Consider the view of Kevin Williamson, presently king of all he surveys. As writer-thinker-upper of the first two Screams, I Know What You Did Last Summer, and the WB’s hugely popular Dawson’s Creek (and even given the failure of this past fall’s network-offering, Wasteland), he has spread out before him a vast space of Yes. It’s all possibility, rife with money and talent and hope and the promise of ongoing consumption. He is, in a word, the reigning king of all-mediated teenagerness.
According to the people who would appear to be lining up to finance Williamson’s projects, he has a special gift: at 34, he taps into high schoolers’ worries and delights, updating his own memories enough that the images and ideas seem relevant and meaningful to an audience more than a little used to being duped, spindled, categorized, and targeted. The fact that his scripts do not condescend to their presumed viewers makes Williamson unusual in a business that assumes all consumers are easy. With Teaching Mrs. Tingle, Williamson steps into the much-talked-about next level: he’s directing a studio-financed and -distributed feature, based on what seems to be his first script, devised some years ago when he moved from New Bean, North Carolina to LA, land of dreams and opportunities and so very much money.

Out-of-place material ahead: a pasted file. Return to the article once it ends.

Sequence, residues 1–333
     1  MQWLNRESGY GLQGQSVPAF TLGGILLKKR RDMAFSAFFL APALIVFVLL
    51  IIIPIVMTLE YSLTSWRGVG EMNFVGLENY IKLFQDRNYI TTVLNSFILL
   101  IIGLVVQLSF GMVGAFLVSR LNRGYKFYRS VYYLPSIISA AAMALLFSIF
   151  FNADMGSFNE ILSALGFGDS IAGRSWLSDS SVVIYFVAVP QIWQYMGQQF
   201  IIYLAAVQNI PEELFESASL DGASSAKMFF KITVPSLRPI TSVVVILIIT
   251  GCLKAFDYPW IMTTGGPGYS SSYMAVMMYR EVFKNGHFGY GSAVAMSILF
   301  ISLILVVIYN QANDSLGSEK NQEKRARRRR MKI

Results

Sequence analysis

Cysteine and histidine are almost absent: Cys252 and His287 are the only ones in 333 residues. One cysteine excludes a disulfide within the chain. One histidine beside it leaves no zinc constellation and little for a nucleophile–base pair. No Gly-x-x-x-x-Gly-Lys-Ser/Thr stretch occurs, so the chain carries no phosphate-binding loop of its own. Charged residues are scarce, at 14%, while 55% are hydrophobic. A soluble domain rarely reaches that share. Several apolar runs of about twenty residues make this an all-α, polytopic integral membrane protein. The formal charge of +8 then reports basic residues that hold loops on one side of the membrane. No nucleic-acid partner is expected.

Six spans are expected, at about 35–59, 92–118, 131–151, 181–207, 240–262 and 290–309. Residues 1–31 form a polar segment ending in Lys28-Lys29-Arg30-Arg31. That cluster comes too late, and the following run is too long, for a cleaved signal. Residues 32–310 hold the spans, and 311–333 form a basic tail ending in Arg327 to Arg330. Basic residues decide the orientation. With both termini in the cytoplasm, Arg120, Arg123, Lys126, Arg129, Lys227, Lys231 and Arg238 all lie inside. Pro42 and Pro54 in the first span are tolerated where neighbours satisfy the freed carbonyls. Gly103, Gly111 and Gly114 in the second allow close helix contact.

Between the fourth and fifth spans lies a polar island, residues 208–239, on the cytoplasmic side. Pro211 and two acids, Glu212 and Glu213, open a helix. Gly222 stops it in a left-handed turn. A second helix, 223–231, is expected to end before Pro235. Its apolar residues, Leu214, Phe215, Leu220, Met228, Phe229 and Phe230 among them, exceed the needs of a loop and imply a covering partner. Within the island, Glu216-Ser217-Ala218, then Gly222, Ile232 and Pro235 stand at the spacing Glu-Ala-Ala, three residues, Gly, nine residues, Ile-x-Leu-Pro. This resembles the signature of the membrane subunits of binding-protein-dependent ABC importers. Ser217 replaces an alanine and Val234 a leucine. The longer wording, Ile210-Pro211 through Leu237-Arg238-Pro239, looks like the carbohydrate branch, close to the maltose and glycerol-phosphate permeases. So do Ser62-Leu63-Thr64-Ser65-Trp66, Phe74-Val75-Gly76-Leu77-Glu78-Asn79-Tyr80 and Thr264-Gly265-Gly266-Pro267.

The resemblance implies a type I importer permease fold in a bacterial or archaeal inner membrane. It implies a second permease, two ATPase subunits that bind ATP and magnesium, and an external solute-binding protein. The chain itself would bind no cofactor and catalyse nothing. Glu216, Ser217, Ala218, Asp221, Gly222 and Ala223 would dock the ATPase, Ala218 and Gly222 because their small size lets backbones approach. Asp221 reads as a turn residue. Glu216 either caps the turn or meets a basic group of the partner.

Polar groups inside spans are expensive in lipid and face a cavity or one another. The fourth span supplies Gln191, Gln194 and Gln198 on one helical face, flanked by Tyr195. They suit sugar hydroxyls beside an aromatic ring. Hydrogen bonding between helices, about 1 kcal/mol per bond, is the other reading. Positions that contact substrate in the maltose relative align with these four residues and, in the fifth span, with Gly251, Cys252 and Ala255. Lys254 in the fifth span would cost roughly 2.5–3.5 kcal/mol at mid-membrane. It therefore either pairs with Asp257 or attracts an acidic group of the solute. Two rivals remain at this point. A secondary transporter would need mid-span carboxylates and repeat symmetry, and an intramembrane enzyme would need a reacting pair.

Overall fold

Not unlike The Faculty, Williamson’s version of last high school horror, Teaching Mrs. Tingle reimagines the monumental awfulness of teachers who are granted far too much power over the average student’s life. Unlike The Faculty, Teaching Mrs. Tingle (originally titled Killing Mrs. Tingle, renamed after the Columbine shootings) is not traditionally scary, with monsters and bloody limbs and such. In stead, it pretends (or perhaps aspires) to delve into psychological ghoulishness, the kid of dementia that you imagine has overtaken your high school teachers, as they seem so determined to fuck with your life at seemingly any cost. Mrs. Tingle (Helen Mirren) is not from outer space and she’s not equipped with literal tentacles or ingenious special effects. She’s pretty standard as teachers go, a little prissy, a little narrow-minded, and a little self-centered. She embodies a banal if imperious evil, deliberately damaging her students emotionally and materially because she can. Or more precisely, she flunks them for wanting to surpass her own desperate, go-nowhere small town existence.